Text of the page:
Top Chinese general took his own life over corruption

Beijing: A top Chinese general has taken his own life amid a corruption investigation that saw him purged from the powerful China Central Military Commission.

Soon after Chinese state media reported that Zhang Yang had killed himself at his Beijing home, the official military news website accused him of being a "double faced man".

"Zhang Yang chose to avoid punishment from the party and state by committing suicide. Such an act is abominable," wrote the PLA Daily's online news service.

Zhang, until recently a member of the CMC and the former head of the military's political department, had taken his life at his home on the morning of November 23, the Xinhua news agency reported.

He was being investigated by anti-corruption authorities for his links to two previously purged vice chairmen of the CMC, Guo Boxiang, who has been jailed, and Xu Caihou, who has since died of cancer.

Professor of Asia-Pacific Security Studies at Macquarie University, Bates Gill, said the fact that Guo and Xu, the two most senior uniformed officers in China, were found corrupt showed how the PLA had become a fiefdom, and corruption had undermined its war fighting capacity.

He said the combination of the anti-corruption drive and a major reorganisation of the military was designed to install people Chinese who president Xi Jinping could trust and who were committed to military modernisation.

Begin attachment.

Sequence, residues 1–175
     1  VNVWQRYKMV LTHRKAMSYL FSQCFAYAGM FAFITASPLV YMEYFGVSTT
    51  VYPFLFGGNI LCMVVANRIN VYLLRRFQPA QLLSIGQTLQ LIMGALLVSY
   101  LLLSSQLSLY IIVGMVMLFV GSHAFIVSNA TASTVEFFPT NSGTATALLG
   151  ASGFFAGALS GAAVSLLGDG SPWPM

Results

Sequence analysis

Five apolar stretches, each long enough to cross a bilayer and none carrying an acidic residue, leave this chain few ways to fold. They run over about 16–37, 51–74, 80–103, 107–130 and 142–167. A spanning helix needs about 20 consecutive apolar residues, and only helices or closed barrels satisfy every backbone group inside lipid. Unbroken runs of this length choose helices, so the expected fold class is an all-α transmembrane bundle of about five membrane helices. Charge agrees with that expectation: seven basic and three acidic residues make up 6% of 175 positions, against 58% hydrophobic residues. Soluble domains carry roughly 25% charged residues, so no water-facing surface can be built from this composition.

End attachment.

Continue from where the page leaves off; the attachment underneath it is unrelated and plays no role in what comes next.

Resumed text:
Zhang's death will "continue to put the fear of Mao into people in the upper ranks of the PLA," he said.

Adam Ni of the ANU Strategic and Defence Studies Centre said there hasn't been a suicide of such a senior Chinese official in a very long time.

According to the Brookings Institution's Cheng Li, Guo and Xu had controlled the PLA for a decade, by overseeing promotions and allegedly "selling" senior command posts.

Xi has purged 42 senior officers in a sweeping anti-corruption campaign that has also sought to regain civilian leadership of the PLA, he wrote.

Xinhua said Zhang had "seriously violated the law" and was suspected of giving and taking bribes and holding assets without a clear source.

The recent 19th party congress saw Xi install a new military leadership loyal to him as chairman of the Central Military Commission.

"Xi believes controlling the military is his ultimate guarantee of power," said Ni.

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This story Top Chinese general took his own life over corruption first appeared on The Sydney Morning Herald.